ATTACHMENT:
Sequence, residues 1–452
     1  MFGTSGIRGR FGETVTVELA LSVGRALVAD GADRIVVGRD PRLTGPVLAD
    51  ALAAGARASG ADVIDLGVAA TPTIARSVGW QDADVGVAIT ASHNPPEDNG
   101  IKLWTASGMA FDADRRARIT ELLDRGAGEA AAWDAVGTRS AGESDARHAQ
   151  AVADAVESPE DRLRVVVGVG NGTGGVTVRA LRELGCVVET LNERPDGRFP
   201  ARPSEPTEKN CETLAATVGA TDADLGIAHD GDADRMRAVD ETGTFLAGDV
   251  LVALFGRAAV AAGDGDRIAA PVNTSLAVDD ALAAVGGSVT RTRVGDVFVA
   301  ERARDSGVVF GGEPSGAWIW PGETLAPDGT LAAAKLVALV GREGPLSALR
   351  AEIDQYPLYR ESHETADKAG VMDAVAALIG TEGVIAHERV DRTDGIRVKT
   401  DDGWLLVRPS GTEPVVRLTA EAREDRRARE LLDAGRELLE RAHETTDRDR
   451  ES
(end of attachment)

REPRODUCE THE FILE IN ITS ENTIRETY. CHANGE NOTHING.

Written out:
Sequence, residues 1–452
     1  MFGTSGIRGR FGETVTVELA LSVGRALVAD GADRIVVGRD PRLTGPVLAD
    51  ALAAGARASG ADVIDLGVAA TPTIARSVGW QDADVGVAIT ASHNPPEDNG
   101  IKLWTASGMA FDADRRARIT ELLDRGAGEA AAWDAVGTRS AGESDARHAQ
   151  AVADAVESPE DRLRVVVGVG NGTGGVTVRA LRELGCVVET LNERPDGRFP
   201  ARPSEPTEKN CETLAATVGA TDADLGIAHD GDADRMRAVD ETGTFLAGDV
   251  LVALFGRAAV AAGDGDRIAA PVNTSLAVDD ALAAVGGSVT RTRVGDVFVA
   301  ERARDSGVVF GGEPSGAWIW PGETLAPDGT LAAAKLVALV GREGPLSALR
   351  AEIDQYPLYR ESHETADKAG VMDAVAALIG TEGVIAHERV DRTDGIRVKT
   401  DDGWLLVRPS GTEPVVRLTA EAREDRRARE LLDAGRELLE RAHETTDRDR
   451  ES